If I based my opinion of, say, all Rangers' fans based solely on my experiences with a few of them at Devils games it would be unfair and illogical.

Maybe I'm wrong, I don't know, but that was just an observation I threw out there but really has little to do with the point of the post.

Then why throw it out there?

Note that I agree with their evaluation that Brodeur is good at those things and Clemmensen is not, I just believe those skills are generally overvalued by most people in hockey, a position I have consistently held since I started this blog. If I see good evidence that I'm wrong about that then I will change that position. That is the whole point of posts like this one, to collect and evaluate that evidence.

The problem is you're trying to quantify something that is, ultimately, unquantifiable. There is no stat that will undeniably prove it true, just as there is none that will irrefutably prove it false.

If you gave a new coach the ability to build a team from scratch; pulling from a pool of all the players that play today, do you think he'd build his team around a strong goalie or a strong goalie who had good rebound control and puck movement? Those skills are not overvalued... they're just immeasurable.

It's not a moot point, that is entirely the point that I am making. There are people who overrate rebound control because they fail to take into account the number of shots that go directly in. A rebound is not the desired outcome, but a direct goal against is much worse.

It is a moot point because if it goes directly in, there is no rebound. Why would shots that go in be taken into account in a discussion of rebound control?

To offer an extreme example, I'd rather have a goalie that stops 95% of his first shots and gives up 5 rebound shots against per game than a goalie who stops 90% of his first shots and never gives up a single rebound.

And I'd rather have a goalie that stops 90-95% of first shots and kicks the rebounds to the corner or to a defenseman, or waffleboards it into the mesh than a goalie with poor rebound control who gives up rebound shots at all.

No it isn't. In fact, save percentage is useful in illustrating just how important rebound control is. As the previous example I gave shows, if you are stopping a very high percentage of the first shots you can have terrible rebound control and still have pretty good results.

Save percentage takes into account all shots. If you've got a reliable source that only counts first shots, and quantifies a rebound shot better than "any shot taken within 5 seconds," I'd like to see it. Otherwise, save percentage is far too broad a category to use in a discussion of something as precise as first shots vs. secondary shots, etc.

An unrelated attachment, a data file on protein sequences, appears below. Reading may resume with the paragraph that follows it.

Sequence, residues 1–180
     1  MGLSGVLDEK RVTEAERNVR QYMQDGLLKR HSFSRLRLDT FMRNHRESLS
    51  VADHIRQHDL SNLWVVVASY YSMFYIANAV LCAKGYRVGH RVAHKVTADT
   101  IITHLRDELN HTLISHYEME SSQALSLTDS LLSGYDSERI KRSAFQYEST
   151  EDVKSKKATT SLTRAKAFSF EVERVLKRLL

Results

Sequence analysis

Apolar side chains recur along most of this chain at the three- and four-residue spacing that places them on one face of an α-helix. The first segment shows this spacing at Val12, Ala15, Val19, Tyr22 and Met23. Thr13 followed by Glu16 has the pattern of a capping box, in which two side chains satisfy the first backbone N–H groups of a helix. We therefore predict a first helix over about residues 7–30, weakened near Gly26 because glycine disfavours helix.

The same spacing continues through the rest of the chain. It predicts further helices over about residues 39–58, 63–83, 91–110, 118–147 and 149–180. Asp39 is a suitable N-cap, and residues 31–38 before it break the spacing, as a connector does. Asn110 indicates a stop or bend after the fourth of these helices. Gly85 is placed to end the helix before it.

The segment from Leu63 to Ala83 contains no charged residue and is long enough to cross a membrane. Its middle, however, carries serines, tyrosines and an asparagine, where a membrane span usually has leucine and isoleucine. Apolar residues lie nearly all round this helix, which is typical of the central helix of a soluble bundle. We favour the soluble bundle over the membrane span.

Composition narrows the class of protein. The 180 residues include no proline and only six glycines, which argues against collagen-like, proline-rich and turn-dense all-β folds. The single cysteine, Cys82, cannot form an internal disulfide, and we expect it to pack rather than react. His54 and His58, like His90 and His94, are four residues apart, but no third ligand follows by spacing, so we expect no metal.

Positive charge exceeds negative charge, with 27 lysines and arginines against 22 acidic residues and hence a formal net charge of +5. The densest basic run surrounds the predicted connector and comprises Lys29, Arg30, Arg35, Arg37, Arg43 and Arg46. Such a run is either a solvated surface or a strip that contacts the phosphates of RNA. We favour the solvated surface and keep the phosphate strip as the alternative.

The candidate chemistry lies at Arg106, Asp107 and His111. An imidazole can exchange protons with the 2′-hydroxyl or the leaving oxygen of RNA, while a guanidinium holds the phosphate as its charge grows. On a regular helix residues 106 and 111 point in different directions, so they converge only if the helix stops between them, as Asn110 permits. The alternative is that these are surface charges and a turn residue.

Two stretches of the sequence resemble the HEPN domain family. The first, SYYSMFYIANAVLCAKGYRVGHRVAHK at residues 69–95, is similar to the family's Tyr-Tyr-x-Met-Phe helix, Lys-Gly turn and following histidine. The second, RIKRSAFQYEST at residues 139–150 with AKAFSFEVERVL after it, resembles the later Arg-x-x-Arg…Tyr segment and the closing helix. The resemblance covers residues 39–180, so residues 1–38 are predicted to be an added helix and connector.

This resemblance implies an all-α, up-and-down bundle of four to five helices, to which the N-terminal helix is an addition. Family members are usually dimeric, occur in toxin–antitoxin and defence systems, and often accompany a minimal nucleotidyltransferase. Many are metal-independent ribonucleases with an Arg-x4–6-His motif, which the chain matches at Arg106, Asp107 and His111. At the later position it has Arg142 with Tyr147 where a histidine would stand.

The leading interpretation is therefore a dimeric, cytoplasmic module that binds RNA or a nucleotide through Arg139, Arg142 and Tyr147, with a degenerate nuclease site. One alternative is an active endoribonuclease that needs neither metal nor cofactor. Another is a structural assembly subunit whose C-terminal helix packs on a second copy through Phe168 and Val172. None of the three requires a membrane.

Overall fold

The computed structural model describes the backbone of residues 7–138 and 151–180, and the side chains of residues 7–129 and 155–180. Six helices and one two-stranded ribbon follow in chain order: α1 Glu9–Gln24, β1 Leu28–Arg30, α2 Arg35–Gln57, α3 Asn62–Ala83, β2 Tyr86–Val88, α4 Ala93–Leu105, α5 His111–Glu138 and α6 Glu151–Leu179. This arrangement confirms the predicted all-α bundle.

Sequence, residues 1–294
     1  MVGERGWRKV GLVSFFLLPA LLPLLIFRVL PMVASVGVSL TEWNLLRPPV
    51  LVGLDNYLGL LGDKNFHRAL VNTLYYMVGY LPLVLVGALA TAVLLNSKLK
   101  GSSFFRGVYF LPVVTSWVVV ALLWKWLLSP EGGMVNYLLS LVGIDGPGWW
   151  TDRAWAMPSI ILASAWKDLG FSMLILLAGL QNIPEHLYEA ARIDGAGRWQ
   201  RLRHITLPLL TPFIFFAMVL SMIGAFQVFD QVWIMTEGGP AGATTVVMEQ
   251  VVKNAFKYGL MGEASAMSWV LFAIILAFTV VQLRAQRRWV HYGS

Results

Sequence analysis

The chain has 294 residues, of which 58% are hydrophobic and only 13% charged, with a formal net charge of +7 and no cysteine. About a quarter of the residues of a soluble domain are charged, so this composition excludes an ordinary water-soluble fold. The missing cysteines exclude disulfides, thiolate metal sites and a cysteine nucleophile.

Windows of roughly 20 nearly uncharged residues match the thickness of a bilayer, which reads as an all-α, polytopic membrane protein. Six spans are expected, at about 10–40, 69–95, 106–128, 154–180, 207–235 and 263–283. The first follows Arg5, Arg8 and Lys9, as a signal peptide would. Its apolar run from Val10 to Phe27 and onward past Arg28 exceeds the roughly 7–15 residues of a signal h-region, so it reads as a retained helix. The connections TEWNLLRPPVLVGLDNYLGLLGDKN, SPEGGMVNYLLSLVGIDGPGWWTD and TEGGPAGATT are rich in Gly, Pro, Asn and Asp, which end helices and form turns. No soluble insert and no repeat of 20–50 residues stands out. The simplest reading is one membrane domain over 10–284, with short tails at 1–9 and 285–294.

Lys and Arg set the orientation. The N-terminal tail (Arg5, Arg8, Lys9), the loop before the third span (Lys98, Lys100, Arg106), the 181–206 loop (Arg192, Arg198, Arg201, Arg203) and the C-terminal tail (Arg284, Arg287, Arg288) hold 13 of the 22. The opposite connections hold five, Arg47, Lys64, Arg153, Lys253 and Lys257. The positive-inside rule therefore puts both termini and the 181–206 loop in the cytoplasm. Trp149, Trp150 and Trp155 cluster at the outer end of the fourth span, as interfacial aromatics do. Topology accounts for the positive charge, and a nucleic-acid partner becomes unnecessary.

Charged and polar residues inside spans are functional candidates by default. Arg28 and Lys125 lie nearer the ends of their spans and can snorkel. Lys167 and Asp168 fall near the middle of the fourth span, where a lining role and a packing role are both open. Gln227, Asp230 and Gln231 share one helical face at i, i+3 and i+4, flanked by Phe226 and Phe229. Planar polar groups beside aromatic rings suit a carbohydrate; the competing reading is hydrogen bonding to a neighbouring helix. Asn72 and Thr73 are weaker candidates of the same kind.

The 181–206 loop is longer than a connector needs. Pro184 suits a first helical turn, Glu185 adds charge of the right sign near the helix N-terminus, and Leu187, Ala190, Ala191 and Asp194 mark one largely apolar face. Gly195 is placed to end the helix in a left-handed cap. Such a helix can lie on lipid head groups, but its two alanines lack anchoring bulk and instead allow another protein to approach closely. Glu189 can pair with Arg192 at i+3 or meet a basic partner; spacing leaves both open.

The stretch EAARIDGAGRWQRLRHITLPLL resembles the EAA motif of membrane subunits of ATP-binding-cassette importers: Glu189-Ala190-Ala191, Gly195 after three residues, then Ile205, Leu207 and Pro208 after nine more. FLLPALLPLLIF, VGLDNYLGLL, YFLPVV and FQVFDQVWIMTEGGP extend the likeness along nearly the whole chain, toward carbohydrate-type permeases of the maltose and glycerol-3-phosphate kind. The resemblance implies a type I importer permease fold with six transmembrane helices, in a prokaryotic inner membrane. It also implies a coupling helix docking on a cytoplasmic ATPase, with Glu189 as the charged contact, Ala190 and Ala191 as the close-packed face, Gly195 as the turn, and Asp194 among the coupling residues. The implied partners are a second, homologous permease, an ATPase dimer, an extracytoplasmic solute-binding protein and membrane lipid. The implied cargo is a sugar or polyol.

I was using Clemmensen's numbers from this season for my estimates, but if you want to use his career numbers from NJ that is fine as well. Turns out that if Clemmensen allows anything more than 0.5 rebound shots against per game than Brodeur, then he has a higher first-shot save percentage (assuming Clemmensen's save percentage on rebound shots is equal to or worse than Brodeur's, which is probably a very reasonable assumption). What do you think, does Clemmensen allow one extra rebound shot against every two games compared to Brodeur? If he does, then I'm correct by saying Clemmensen is more likely to make the first save.

See above.

If he doesn't, then rebound control apparently doesn't have much of an impact, given that Brodeur is one of the best and Clemmensen is below average.

Right. So if you manage to scrape up some statistical evidence that Clemmensen makes a few tenths of a percentage point more saves on first shots, then it obviously means rebound control has little impact. Because there's really no difference in kicking a rebound to a defenseman or an opponent.

This is misconstruing what I wrote. I wrote that a goalie likely has some effect on shots against, but more study is required. I have spent a lot of time arguing that shots against totals are predominantly dependent on the rest of the team, and I still hold that position.

That is what you say now, and with that I agree. But earlier you stated:

"5. Teams are more likely to take shots on goalies that give up rebounds, but rebound shots are not very frequent and most of the time do not result in goals against.
6. This implies that goalies with great rebound control face fewer shots not only because they allow fewer rebounds, but because the other team takes fewer perimeter shots."

which implies that it is rebound control and not team play that affects shot totals, which is bunk.

-e

The Contrarian Goaltender said...

which implies that it is rebound control and not team play that affects shot totals, which is bunk.

It doesn't imply that at all. Of course team play affects shot totals, there are many variables involved in goaltending. That is obvious to anyone with any sense. Saying that A is a cause of B does not mean that A is the sole cause of B, it means that if you hold everying else constant a change in A will have an affect on B. In the real world, B is also likely to be affected by variables C, D, and E. When I write things like "this implies that goalies with great rebound control face fewer shots" I am speaking in relative terms, and more specifically dealing with the comparison between goalies on the same team like Brodeur and Clemmensen.